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Tarpon report for the coastal Lowcountry


With more and more anglers targeting tarpon from Hilton Head on up to Georgetown, the results continue to be substantial. The recent Bonefish and Tarpon Trust efforts to tag an S.C. tarpon were successful, shedding new light into the travel of tarpon. All of this is remarkable considering that, from ten to twenty years ago, it was rare to encounter a tarpon, and today’s angler stand a reasonable shot at hooking up with the silver king.

Catching and releasing a tarpon offers high drama for the angler with an eye on conservation. While it is still legal to keep one tarpon in South Carolina, the bony tarpon is muscle-bound and offers no table value at all, leading 99 % of anglers to release them in good shape. The Lowcountry Tarpon Tournament on Sept. 14 and 15 saw a dozen boats target these game fish prized for their hard-fighting ability that often includes acrobatic jumps from the water.

September is a great time to fish, since the biggest baitfish in our estuary, the mullet, begins to school up in preparation for a southward migration when cold weather settles in. This mullet activity signals the big breeder tarpon to move in closer into our inlets in order to gorge on the mullet congregation. In one of nature’s great balancing acts, the mullet help the tarpon to bulk up before their own southward migration.

During the two days of fishing, a total of four tarpon were caught and released in what local guides called just average fishing for tarpon. One lucky tarpon was fitted with a $5000 satellite tag that was provided by the Bonefish and Tarpon Trust (BTT), and each time that tarpon comes to the surface, the tag will transmit location data to the satellite overhead. These tags are expensive, and it should be noted that all entry fees for this annual tarpon round up go directly to the BTT to pay for future tags.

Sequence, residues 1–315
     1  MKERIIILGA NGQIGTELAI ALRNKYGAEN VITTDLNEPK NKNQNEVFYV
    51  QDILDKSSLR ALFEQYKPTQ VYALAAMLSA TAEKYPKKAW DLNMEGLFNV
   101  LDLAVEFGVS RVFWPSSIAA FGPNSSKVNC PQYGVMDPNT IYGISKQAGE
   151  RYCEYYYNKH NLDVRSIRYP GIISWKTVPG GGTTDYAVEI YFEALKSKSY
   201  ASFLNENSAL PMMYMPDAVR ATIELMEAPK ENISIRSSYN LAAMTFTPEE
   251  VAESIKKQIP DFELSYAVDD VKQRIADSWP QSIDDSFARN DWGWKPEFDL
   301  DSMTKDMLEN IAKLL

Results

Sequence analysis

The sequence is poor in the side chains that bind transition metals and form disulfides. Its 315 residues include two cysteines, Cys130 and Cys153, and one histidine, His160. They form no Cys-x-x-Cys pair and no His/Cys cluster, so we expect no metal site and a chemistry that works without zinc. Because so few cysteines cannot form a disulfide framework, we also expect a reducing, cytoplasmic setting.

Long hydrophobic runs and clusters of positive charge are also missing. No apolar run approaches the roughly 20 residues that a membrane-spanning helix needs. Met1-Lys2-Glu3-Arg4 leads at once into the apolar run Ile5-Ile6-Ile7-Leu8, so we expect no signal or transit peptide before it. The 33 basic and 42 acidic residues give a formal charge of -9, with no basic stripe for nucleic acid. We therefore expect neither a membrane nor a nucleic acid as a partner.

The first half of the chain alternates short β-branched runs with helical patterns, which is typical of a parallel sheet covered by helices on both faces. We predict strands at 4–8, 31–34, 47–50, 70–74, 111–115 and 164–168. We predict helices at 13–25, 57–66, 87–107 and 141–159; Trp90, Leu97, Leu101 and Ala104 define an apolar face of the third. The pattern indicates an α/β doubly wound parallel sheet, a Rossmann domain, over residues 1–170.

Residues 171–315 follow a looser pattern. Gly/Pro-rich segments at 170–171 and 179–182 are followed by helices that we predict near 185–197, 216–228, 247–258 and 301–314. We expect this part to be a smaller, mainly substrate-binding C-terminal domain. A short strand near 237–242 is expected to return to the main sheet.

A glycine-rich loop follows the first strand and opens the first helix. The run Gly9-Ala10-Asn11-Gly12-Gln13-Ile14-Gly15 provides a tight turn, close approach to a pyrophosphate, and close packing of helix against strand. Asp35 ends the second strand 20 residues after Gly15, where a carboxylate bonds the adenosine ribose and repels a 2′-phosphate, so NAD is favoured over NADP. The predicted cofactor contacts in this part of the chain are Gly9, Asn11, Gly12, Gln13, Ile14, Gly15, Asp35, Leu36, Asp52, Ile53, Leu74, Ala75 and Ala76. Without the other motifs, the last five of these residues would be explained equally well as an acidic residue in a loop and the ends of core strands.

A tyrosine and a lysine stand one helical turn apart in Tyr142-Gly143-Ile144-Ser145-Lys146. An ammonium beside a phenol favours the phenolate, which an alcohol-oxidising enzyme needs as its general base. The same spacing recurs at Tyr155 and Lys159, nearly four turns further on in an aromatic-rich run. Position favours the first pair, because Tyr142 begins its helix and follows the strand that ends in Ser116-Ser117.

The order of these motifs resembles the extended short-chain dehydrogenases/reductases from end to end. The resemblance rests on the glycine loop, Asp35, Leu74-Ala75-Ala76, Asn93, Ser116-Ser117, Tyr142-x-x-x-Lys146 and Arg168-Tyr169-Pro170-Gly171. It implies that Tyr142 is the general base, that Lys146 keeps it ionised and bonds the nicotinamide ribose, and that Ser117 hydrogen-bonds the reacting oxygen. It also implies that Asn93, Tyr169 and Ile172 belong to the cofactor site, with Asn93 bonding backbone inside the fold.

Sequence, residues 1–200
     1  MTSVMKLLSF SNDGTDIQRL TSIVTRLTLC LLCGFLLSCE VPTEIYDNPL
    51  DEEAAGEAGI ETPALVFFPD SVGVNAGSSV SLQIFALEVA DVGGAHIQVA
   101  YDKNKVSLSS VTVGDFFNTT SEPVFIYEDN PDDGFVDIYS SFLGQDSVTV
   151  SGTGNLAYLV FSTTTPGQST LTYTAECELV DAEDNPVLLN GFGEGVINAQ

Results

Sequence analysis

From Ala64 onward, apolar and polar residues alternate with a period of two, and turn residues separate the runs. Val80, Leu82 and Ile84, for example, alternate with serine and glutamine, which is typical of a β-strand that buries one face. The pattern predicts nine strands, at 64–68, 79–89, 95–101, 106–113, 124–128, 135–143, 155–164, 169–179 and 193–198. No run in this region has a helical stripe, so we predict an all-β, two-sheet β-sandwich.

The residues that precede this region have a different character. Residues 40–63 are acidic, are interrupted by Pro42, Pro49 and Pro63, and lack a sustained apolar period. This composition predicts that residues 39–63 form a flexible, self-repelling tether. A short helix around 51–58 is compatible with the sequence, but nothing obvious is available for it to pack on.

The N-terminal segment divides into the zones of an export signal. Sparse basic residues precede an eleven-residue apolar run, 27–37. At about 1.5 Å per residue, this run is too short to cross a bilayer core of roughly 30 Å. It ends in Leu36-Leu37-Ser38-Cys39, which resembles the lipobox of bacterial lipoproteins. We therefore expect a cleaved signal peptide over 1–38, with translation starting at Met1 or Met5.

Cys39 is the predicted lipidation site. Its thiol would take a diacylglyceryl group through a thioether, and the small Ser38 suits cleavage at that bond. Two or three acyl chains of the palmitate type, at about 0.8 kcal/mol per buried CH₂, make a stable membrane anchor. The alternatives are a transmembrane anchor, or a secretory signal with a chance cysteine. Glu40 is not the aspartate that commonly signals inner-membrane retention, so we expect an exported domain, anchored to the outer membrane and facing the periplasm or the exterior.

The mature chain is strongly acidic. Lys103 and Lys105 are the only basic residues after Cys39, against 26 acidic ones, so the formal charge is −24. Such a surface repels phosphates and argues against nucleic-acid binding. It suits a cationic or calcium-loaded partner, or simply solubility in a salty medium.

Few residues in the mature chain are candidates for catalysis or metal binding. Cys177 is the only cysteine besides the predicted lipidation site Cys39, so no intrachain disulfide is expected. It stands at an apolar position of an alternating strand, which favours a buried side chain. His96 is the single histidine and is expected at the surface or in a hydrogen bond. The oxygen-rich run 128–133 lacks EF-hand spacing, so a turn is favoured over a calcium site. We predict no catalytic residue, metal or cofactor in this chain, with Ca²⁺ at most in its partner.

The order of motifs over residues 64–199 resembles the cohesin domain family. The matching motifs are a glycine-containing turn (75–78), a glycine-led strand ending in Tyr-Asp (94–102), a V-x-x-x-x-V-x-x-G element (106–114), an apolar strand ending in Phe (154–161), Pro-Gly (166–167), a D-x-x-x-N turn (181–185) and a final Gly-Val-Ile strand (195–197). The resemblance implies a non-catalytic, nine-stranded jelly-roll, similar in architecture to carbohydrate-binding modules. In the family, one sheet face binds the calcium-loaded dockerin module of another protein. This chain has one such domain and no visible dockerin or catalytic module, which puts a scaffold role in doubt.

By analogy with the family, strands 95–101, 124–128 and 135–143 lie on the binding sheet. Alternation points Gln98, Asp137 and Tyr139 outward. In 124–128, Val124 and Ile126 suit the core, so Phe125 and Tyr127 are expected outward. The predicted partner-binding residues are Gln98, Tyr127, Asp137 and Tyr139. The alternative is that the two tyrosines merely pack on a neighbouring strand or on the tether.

In the end, it was Capt. Steve Roffs of Georgetown who guided his crew of three anglers to the release of two tarpon, taking first place bragging rights for the year. Along the way, anglers Ashley Coleman and Daniel Dunbar caught their first-ever tarpon while fishing with the experienced tarpon guide. Roff’s warned that, with people coming to our coast and finding consistent success, we might even become famous one day for our tarpon fishery.

Consider that in Florida, the long-time home of tarpon, bonefish, permit and other fish that prefer tropical water temps, there may be more tarpon to target, but the end result might not be as sweet. In Florida, the tarpon are generally in shallow water which serves to speed up the duration of the fight at times, and the size of the tarpon can range to include smaller fish. While in S.C. the tarpon tend to average around 100-pounds and if one of these mature tarpon head for the channels and waterways of the Lowcountry, then fighting them can take an hour or more.

A total of six tarpon from S.C. have been fitted with a BTT tag since 2010 and the work is scheduled to continue into the future. The marine scientists believe that there is a chance that these larger tarpon pursuing our local mullet run is a unique occurrence along the east coast and thus a perfect place to concentrate their resources. A huge tarpon fight can be considered the fishing experience of a lifetime, even if the end game is to release that fish to fight another day while helping to secure the future of that fishery.

If the coastal Lowcountry is in the early stages of a developing tarpon fishery, then it’s not too early to begin the conversation with SCDNR about future conservation efforts. Dedicated anglers want to know why it is still legal to keep and kill a tarpon in South Carolina, and they believe that better education about handling tarpon would lead to a wider respect for this ancient species. It’s true that the tarpon migrate into waters managed by multiple states, but S.C. conservationists must focus on our home waters to set an example for all where it concerns the issue of tarpon mortality.

           Jeff Dennis is a Lowcountry native. Read his blog at www.LowcountryOutdoors.com.

Jeff Dennis, Contributor (360 Posts)

Jeff Dennis is a Lowcountry native. Read his blog at www.LowcountryOutdoors.com